In the current study, we tested for abnormalities in psychological traits in patients with a NREM parasomnia compared with matched healthy controls (HCs). We used well-established questionnaires to assess personality and, specifically, distinct aspects of stress coping. Based on previous psychopathological findings,14,15 we hypothesized that patients with NREM parasomnias show increased scores in personality scales that are associated with anxiety, worry, and negative stress. As suggested previously,17 these patients might additionally present an increased reward sensitivity. In the context of an established neuropsychological framework, the Reinforcement Sensitivity Theory of Personality (RST), we predicted increased scores in behavioral inhibition and behavioral approach traits. Moreover, we hypothesized that patients use positive coping strategies less often and negative coping strategies more often than controls. Finally, PCC is not only critically involved in the arousal dysregulation in patients with NREM parasomnias3,5 but the PCC might also play a role in depression,12 particularly in anxious rumination.13 Following our previous finding of morphometric changes in the PCC of patients with NREM parasomnias,6 we now tested whether these changes were related to scores on the personality and stress coping scales.
Fifteen patients with current NREM parasomnia (females: 7; mean age: 29.7 ± 8.5 years) were recruited from the Institute of Sleep Medicine and Neuromuscular Disorders, University Hospital Muenster, Germany. Patients underwent high-resolution magnetic resonance imaging and a standard psychometric assessment. All patients were screened for other sleep disorders using at least 2 nights of cardiorespiratory video polysomnography. The patients fulfilled the diagnostic criteria for an NREM parasomnia according to the International Classification of Sleep Disorders, Third Edition.2 Exclusion criteria were medication use that is known to influence NREM sleep, substance use, insufficient sleep syndrome, or a sleep-related breathing or movement disorder. Moreover, patients with comorbid neurological disorders (except for restless-legs syndrome) or structural brain lesions were excluded.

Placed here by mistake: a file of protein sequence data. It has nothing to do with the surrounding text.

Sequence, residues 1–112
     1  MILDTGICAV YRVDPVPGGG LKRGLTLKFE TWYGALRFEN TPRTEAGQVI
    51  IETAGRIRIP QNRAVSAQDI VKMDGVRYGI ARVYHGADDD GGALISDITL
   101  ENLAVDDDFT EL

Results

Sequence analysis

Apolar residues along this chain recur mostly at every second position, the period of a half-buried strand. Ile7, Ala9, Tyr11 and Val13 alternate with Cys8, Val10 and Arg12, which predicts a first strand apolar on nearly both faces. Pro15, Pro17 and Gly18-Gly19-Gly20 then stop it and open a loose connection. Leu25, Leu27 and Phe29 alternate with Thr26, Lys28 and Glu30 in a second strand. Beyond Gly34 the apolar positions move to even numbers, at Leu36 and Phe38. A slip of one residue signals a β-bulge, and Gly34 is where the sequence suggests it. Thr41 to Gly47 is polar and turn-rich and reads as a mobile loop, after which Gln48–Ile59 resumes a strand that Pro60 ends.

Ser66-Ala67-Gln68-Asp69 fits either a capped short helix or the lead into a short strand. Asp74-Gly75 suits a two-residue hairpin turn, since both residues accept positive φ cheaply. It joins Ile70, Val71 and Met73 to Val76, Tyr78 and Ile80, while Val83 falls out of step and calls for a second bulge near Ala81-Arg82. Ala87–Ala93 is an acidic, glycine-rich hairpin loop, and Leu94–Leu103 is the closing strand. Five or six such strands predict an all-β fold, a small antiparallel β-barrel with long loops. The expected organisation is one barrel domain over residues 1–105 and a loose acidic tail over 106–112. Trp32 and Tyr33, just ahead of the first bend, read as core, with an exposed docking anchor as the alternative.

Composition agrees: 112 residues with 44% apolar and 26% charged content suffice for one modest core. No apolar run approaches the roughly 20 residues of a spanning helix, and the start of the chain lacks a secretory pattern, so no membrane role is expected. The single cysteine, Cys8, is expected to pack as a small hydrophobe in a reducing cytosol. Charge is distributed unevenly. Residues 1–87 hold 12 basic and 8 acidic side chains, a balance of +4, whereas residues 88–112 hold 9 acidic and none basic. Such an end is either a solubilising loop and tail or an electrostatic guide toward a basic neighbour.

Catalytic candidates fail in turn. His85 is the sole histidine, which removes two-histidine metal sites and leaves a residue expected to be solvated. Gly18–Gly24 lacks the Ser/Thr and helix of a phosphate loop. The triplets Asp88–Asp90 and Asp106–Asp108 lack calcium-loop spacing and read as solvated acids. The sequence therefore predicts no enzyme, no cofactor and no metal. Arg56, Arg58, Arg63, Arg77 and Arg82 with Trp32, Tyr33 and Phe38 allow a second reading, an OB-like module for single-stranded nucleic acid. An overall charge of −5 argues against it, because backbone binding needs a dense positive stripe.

As a control group, 15 age- and sex-matched HCs (female: 7; mean age: 29.7 ± 8.5 years) with no history of parasomnia symptoms or other psychiatric or neurological disorders completed the questionnaires. All participants gave written informed consent. The study was approved by the local ethics committee.
Magnetic resonance imaging data acquisition
Magnetic resonance imaging measurements were performed on a 3-Tesla whole-body magnetic resonance scanner (Magnetom TIM Trio; Siemens, Erlangen, Germany) using a 12-channel head coil. All participants underwent the same magnetic resonance imaging protocol, including whole-brain T1, T2, proton density-weighted, and fluid-attenuated inversion-recovery sequences. For voxel-based morphometry a coronal T1-weighted 3D magnetization prepared rapid gradient echo sequence (MPRAGE) was used (TR: 1800 ms; TE: 2.18 ms; inversion time: 900 ms; slice thickness: 1.2 mm; matrix: 256 × 204 pixels; flip angle: 9°; field of view: 220 × 165 mm).
Voxel-based segmentation of the gray matter compartment was achieved using the standard version of the diffeomorphic anatomical registration using exponentiated lie algebra toolbox (DARTEL)19,20 of the statistical parametric mapping software package (SPM12; Wellcome Department of Cognitive Neurology, London, United Kingdom) implemented in Matlab 9.2 (MathWorks, Inc, Sherborn, MA).
In order to guarantee the highest level of spatial accuracy to localize the volume cluster of the PCC, identified by statistical parametric mapping in a previous study, the individual T1-weighted image was normalized to the intrinsic T1-weighted template and the obtained deformation fields were inverted and applied to the PCC gray matter segmentation in MNI (Montreal Neurological Institute) space.21 The obtained PCC gray matter volume in the individual patients’ space was adjusted for total intracranial volume.